From the Lawrence Daily Journal-World for April 20, 1913:
- "REMAINS OF EARLY SETTLER -- Workmen excavating at 1305 Tennessee street, dug up the skeleton of a buffalo yesterday. The bones were so near decayed that the form could not be kept, but the horns of the animal are still preserved and can be plainly distinguished as those of a buffalo. The skeleton was found about 15 or 18 inches beneath the surface and it is thought that at one time this spot was a 'lick' for the buffaloes roaming over the plains of Kansas. The building is being erected by H. B. Sparks and the remains of the ancient buffalo can be seen by any one who cares to view them."
- "A bit of very general knowledge in Lawrence became official information last night at the session of the city council when Engineer E. H. Dunmire and Fire Chief W. F. Reinisch made their report on the recent tests of the city hydrants, namely that the city is not adequately protected against fire. The report of the two officials shows that at the time the tests were made it was apparently impossible for the Lawrence Water Company to furnish the amount of water required in the franchise granted the company by the City of Lawrence. This ordinance requires that the company shall be able to furnish a pressure in time of fire sufficient to raise six streams of water 100 feet high. The report shows that the streams furnished run from a maximum height of 61 feet to a minimum of 5. The first figure was obtained as a result of the test of the hydrant at the corner of Henry and New Jersey and the low mark was reached in North Lawrence on Kansas Avenue close to Locust street. The tests showed that only 20 of the 170 fire hydrants located in the city are in first class condition and five are declared to be absolutely unfit for use.... The council decided that there should be immediate action taken to remedy these conditions and the Committee on Water, Gas and Electric Light was instructed to notify the Water Company of these conditions and to demand that the Water Company make the necessary improvements as required by the franchise."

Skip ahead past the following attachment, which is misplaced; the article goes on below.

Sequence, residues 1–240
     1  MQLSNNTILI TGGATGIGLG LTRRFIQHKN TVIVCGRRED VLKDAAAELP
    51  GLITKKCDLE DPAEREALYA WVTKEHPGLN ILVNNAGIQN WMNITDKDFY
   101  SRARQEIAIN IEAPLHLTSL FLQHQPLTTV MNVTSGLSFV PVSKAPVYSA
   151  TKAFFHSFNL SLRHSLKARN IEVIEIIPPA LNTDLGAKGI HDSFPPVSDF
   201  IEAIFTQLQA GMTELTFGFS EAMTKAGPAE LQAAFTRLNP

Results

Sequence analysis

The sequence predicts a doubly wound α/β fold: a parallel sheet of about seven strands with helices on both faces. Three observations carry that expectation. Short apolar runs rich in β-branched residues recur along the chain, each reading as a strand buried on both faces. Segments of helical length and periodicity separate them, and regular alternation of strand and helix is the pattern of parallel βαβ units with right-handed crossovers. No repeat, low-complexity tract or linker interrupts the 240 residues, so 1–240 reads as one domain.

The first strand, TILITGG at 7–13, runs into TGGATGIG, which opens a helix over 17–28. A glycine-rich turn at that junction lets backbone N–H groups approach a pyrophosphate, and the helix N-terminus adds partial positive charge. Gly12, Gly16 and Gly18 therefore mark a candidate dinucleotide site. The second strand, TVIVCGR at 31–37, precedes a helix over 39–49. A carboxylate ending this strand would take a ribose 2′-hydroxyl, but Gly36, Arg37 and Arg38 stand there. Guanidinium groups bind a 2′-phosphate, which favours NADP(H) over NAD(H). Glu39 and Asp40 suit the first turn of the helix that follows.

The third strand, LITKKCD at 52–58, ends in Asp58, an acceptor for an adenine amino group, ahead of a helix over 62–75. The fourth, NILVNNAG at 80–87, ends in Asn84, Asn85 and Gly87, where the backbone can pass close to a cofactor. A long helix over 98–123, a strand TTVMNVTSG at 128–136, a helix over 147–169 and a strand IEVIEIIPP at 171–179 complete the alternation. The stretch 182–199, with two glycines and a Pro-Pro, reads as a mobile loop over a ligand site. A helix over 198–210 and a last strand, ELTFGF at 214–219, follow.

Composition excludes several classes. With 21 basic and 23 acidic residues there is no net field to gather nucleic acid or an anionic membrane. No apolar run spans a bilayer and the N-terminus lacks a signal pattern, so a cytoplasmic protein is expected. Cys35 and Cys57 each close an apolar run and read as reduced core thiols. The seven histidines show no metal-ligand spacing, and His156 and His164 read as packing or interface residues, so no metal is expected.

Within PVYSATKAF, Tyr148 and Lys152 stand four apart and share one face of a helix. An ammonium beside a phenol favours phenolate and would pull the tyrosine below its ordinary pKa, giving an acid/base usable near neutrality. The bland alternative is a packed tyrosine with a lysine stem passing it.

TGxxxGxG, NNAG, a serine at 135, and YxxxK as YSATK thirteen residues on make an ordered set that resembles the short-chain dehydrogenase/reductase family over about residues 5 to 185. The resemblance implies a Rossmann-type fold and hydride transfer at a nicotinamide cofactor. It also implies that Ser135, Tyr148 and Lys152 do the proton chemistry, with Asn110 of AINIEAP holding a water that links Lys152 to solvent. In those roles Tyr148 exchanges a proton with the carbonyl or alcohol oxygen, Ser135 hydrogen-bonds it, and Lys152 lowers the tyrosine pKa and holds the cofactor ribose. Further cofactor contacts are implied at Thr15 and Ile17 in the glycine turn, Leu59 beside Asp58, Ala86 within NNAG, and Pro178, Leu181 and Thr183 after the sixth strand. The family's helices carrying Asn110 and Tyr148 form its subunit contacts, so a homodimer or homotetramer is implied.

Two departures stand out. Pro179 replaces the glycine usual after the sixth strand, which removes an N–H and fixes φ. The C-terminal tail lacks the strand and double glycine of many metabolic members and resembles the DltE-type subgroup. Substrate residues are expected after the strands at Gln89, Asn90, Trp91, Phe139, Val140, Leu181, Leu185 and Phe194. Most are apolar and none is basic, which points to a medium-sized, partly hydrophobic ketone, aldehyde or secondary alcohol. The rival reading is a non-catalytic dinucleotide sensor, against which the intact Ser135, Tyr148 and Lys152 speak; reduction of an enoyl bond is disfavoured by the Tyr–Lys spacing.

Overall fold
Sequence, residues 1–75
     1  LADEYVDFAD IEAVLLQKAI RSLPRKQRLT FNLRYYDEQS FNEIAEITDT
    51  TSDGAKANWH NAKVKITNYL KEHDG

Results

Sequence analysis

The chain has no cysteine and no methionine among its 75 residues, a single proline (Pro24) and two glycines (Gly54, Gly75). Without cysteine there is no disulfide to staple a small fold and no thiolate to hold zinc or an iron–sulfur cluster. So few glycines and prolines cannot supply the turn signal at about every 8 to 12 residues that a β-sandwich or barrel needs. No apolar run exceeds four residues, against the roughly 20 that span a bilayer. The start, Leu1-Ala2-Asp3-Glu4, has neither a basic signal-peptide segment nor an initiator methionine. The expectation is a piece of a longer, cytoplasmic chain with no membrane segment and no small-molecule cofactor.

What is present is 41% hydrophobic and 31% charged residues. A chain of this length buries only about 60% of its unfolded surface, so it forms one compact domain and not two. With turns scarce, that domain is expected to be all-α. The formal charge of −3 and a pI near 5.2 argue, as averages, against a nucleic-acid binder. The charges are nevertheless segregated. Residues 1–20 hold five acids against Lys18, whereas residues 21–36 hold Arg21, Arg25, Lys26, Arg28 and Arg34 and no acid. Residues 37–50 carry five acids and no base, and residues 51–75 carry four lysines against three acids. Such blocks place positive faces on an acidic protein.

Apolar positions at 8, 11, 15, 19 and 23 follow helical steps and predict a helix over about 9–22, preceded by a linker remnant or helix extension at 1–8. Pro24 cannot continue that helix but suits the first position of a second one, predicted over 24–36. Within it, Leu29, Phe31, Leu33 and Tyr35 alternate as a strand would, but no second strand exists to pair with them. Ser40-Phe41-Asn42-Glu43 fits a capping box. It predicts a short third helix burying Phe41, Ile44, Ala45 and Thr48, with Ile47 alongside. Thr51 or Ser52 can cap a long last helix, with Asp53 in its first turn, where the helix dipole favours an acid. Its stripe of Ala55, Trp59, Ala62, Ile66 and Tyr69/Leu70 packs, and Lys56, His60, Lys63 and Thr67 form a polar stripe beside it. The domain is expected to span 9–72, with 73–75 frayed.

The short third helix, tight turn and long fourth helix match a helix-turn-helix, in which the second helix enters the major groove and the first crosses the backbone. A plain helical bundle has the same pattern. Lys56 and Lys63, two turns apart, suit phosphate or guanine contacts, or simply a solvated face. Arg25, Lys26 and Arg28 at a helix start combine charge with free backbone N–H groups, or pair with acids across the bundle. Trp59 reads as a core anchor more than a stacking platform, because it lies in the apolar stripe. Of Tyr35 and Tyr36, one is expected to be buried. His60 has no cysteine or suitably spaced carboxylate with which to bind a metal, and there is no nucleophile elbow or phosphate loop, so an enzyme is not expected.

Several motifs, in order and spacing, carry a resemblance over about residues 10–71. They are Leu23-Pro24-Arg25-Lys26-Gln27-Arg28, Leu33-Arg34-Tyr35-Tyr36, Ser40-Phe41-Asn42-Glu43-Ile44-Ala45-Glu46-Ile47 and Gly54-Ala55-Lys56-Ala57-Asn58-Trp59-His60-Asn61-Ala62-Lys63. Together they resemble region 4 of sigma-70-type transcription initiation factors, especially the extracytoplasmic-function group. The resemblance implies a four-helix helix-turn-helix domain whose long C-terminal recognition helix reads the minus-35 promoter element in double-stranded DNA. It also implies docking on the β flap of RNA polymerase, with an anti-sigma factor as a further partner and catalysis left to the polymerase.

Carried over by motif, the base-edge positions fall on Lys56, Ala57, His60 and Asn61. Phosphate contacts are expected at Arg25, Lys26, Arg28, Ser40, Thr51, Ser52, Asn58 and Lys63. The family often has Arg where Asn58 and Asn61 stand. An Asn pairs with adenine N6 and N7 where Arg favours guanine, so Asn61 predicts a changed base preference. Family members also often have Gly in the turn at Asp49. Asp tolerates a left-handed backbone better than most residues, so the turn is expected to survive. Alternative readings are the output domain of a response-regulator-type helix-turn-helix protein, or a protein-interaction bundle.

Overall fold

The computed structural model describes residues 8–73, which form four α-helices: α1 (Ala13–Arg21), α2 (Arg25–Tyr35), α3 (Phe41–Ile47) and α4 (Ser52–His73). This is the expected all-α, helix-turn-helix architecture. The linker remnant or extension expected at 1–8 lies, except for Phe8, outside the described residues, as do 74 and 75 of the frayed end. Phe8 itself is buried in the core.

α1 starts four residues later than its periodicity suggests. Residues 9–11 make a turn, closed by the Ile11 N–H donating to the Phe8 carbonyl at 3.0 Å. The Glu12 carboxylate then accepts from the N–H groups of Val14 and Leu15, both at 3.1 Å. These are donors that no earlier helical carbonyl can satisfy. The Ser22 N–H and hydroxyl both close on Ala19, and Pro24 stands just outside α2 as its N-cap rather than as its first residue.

- "Rev. A. J. Ross was very much surprised this morning when he received through the mail a photograph of his daughter, Miss Gladys Ross, taken when she was only six years old. The letter had been addressed to Berlin, Nebraska, Rev. Ross' former home, and had been forwarded to this city. The letter explained that the picture had been found in a field, 18 miles from Council Bluffs, Iowa, shortly after the storm which wrecked Omaha and other Nebraska cities. Rev. Ross does not know the person signed in the letter, nor the person named as having identified it as the Ross girl. However, this person evidently knew the family. Evidently the picture was one which had been given some one in Berlin whose home was wrecked in the storm. The mounting is slightly scratched, but otherwise there are no visible signs of the long journey which it must have taken on that eventful Easter evening."